After drilling the pocket holes, attach these side-boards to the bottom of the planter with 2 1/2″ pocket holes screws.
Step 4 – Attach Lower Section End-Boards
Take your measuring tape and pull a measurement to cut the end-boards. In the perfect world, the measurement from side to side would be 25″. But sometimes the pressure treated boards are slightly wider than 1 ½” and that will change the overall length. So you might have to cut two end-boards to 25 1/4″ in length instead of 25″.
These two lower end-boards do not require any pocket holes since you already have them drilled on the bottom and the side-boards. Use 2 1/2″ pocket holes screws to connect the pieces.
Step 5 – Cut and Install Middle Section Side and End-Boards
Similar to step-4, you’ll need to check the measurements before making any cuts.
In step 3 the lower side-boards were 89″ long. Now the middle section side-boards need to be longer to overlap the end-boards. Cut two pieces to 92″ in length (your measurement might be 92 1/4″), and two pieces to 22″ in length.
Drill pocket holes as shown in the picture and on the cut list. Then attach both the side and end pieces to the planter box with 2 1/2″ pocket hole screws.
Step 6 – Install Upper Section of the Planter Box
The upper section of the planter box is very similar to the lower section. Cut two boards to 89″ in length and two boards to 25″ in length. Drill pocket holes as shown in the picture. Attach both side and end-bards using 2 1/2″ pocket hole screws.
Step 7 – Cut Top Trim-Boards for the Top of Planter Box
The top trim of the planter is built like a picture frame. Take two 96″ long 2×4 boards and cut off the ends at 45 degrees. Then cut two more pieces to 29″ in length with a 45-degree miter cut on both ends. Then drill two pocket holes on each end of the 29″ boards. Attach these pieces together as shown in the picture. Make sure that the corners are squared to 90-degrees.
Step 8 – Install Top Trim Boards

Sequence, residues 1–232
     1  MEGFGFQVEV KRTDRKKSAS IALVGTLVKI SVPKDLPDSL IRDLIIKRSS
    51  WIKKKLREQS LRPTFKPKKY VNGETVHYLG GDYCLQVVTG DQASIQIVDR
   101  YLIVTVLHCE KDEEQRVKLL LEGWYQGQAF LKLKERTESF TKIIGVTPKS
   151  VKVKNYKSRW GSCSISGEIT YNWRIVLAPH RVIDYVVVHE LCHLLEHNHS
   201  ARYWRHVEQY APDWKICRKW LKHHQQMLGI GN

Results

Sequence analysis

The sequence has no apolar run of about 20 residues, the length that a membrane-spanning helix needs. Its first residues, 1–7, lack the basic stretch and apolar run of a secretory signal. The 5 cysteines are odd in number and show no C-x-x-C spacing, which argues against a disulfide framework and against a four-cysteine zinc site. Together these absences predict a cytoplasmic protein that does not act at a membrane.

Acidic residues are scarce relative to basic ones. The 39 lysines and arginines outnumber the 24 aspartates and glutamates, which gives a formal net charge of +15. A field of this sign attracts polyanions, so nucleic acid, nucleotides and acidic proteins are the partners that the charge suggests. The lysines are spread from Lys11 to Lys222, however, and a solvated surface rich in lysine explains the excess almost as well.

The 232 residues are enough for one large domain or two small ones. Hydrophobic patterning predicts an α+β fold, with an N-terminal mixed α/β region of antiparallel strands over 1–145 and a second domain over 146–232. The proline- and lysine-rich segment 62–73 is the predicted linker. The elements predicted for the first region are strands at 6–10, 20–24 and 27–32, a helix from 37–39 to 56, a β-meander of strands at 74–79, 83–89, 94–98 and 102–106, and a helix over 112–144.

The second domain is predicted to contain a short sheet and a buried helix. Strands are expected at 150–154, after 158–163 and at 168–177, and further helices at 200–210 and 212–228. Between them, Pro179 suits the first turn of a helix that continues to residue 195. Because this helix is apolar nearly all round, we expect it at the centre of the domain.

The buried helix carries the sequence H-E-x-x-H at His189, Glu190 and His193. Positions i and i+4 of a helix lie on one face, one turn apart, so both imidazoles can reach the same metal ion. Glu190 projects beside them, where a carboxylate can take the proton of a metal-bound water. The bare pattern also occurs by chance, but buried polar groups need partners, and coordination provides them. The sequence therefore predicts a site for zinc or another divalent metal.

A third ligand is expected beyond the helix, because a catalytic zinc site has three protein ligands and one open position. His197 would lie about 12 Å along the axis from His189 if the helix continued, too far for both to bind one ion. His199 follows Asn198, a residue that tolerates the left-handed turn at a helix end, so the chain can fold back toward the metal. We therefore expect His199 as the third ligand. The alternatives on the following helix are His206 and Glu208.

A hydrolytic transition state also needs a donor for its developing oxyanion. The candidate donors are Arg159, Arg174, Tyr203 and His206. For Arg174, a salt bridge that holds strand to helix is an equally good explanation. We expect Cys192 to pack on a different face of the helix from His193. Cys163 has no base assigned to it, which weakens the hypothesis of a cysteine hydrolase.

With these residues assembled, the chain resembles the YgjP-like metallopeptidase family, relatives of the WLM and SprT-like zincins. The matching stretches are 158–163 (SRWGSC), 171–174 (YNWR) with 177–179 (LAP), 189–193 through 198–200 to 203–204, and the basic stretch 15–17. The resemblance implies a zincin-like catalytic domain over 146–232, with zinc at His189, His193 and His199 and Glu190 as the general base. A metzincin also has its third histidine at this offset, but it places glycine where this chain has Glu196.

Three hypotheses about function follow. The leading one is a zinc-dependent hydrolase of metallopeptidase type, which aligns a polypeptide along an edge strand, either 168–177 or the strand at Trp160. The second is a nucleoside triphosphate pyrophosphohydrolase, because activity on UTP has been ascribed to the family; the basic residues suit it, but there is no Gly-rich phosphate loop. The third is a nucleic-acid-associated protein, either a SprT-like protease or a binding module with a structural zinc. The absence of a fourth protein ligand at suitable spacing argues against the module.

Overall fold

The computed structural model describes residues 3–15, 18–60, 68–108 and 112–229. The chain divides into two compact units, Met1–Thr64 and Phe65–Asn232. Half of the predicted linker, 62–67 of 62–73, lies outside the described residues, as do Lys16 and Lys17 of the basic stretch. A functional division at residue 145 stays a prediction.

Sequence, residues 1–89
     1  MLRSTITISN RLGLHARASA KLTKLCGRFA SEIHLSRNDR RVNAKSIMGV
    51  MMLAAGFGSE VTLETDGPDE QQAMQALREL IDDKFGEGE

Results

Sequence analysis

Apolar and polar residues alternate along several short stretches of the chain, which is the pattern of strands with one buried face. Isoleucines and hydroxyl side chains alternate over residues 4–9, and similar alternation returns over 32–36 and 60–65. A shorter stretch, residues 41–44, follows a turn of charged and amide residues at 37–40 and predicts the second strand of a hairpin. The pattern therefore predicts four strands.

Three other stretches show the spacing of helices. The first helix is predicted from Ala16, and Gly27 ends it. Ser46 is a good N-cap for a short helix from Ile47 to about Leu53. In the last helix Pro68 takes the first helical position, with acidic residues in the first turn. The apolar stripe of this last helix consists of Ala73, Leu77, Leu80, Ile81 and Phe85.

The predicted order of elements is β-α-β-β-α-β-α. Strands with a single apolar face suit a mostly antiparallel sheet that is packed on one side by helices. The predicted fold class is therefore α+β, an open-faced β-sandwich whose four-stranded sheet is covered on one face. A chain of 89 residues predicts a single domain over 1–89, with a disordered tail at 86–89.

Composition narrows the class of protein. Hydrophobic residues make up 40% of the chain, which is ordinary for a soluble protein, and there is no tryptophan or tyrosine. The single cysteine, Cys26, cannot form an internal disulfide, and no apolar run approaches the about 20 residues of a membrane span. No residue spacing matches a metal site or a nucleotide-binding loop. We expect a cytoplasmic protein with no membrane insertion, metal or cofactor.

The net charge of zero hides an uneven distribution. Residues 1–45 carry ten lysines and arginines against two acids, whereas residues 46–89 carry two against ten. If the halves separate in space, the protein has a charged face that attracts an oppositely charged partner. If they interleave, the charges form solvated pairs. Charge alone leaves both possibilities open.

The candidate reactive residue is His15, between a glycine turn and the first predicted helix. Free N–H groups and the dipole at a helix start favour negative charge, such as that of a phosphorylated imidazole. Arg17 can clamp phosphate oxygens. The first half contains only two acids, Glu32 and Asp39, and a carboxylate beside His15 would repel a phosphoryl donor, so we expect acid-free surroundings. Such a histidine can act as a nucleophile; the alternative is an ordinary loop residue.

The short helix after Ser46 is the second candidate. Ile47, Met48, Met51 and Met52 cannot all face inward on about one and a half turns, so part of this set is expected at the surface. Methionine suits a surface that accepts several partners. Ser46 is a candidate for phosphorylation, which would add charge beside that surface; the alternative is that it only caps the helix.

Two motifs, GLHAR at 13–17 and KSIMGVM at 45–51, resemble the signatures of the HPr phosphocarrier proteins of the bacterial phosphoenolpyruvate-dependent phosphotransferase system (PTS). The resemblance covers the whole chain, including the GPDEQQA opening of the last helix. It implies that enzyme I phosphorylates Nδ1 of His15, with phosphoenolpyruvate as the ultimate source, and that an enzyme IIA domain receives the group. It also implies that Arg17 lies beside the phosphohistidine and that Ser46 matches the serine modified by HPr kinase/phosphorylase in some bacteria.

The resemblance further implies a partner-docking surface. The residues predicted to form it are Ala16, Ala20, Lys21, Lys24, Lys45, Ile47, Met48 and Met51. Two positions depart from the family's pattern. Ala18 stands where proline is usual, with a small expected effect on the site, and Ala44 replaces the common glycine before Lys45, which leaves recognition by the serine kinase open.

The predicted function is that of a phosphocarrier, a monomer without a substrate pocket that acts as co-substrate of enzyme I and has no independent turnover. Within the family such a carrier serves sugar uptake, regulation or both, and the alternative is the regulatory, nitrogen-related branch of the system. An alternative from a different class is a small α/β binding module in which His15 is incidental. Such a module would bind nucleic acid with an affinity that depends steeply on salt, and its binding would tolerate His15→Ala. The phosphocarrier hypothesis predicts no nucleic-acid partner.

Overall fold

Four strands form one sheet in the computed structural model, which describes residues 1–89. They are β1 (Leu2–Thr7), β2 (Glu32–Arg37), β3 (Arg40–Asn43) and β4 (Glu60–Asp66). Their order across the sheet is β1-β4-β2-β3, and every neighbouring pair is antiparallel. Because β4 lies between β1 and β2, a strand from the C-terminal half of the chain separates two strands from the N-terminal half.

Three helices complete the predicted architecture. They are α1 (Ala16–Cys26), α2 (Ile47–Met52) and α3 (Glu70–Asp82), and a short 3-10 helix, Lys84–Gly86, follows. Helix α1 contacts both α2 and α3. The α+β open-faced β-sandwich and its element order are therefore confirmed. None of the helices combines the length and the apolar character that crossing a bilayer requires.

Place the trim on top of the planter box with pocket holes facing down and secure it with 2 1/2″ pocket hole screws.
Step 9 – Drill Holes Through the Bottom for Water Drainage
The bottom of the planter needs to have holes for the water to drain down. Flip the planter upside down, then take a 1/2″ drill bit and randomly drill a bunch of holes through the bottom boards. Make sure not to hit the pocket hole screws that hold the bottom boards together.
Step 10 – Install Casters
This step is optional. If you have a permanent location for the planter and you don’t want to move it around, then you could skip this step.
If you do decide to use casters, you need to install heavy-duty metal wheels to support the weight of the planter and the dirt inside.
Take 4″ metal swivel casters and attach them to the bottom of the planter box with 1 5/8″ wood screws. You would need to put two screws into each hole of the caster plate. Because this planter is so long, you would need a total of 6 casters. The middle casters will prevent the planter from sagging down over time.
Step 11 – Cover Inside with Plastic
Then take black plastic sheeting and cover the inside of the planter box. This sheeting will protect the wood rotting and extend the life of the planter box. Use a staple gun to staple the sheeting to the wood. Cut off extra material with scissors.
Use a long nail to poke through the holes and the sheeting on the bottom of the planter. You don’t have to have large holes for water to drain.
Step 12 – Fill the Planter Box with Dirt
You are done with a DIY planter box on wheels. Now you could fill it up with dirt and plant your plants.
11 thoughts on “How to Build a DIY Planter Box on Wheels”
My husband and I built a 4 x 8 raised bed 4 feet high for a couple who are handicapped it came out really good but I do like your idea even better thank you
Thank you Judy!
What kind of vegetables can I grow. I like your idea better than my.
Hi Kathie, You could grow any vegetable plans you want.
Do not use pressure treated wood for a garden as the toxic chemicals used to treat the wood will leach into the soil over time. Use Cedar wood instead.
I agree…we don’t need any more chemicals in the ground or in our food.☀️
Nancy, the inside of the planter box is covered with plastic sheeting, so the soil does not have any contact with wood.
Thanx for the simple instructions, maybe I can follow these. 🤔 We’ll see.
Thank you Jim!
1) Pressure treated lumber for anything that goes into your body is like adding a drop of POISON to your daily routine of eating your 5 a day….!!!!!
2) Using Plastic sheeting will only make the wood sweat (meaning that will keep the wood wet & it will ROT FASTER). I use a Professional landscaping fabric, I over cut the fabric & lay it into the new planter box. Then I toss in some bulk garden mix along w/some coconut dirt. (it helps keep the soil from drying out, if you forget to water it once in a while.)
3) I also stain the outside of the planter box before I assemble the planter boxes.
4) Instead of casters (I don’t have smooth space to roll it around on)
But I do have a bare Garage wall, I’m going to install it to the studs w/closet brackets w/hooks for hanging baskets of like a Fuchsia plant…..
I’m not a professional carpenter just a gal w/some High School (45 years ago knowledge) & tools from here & there.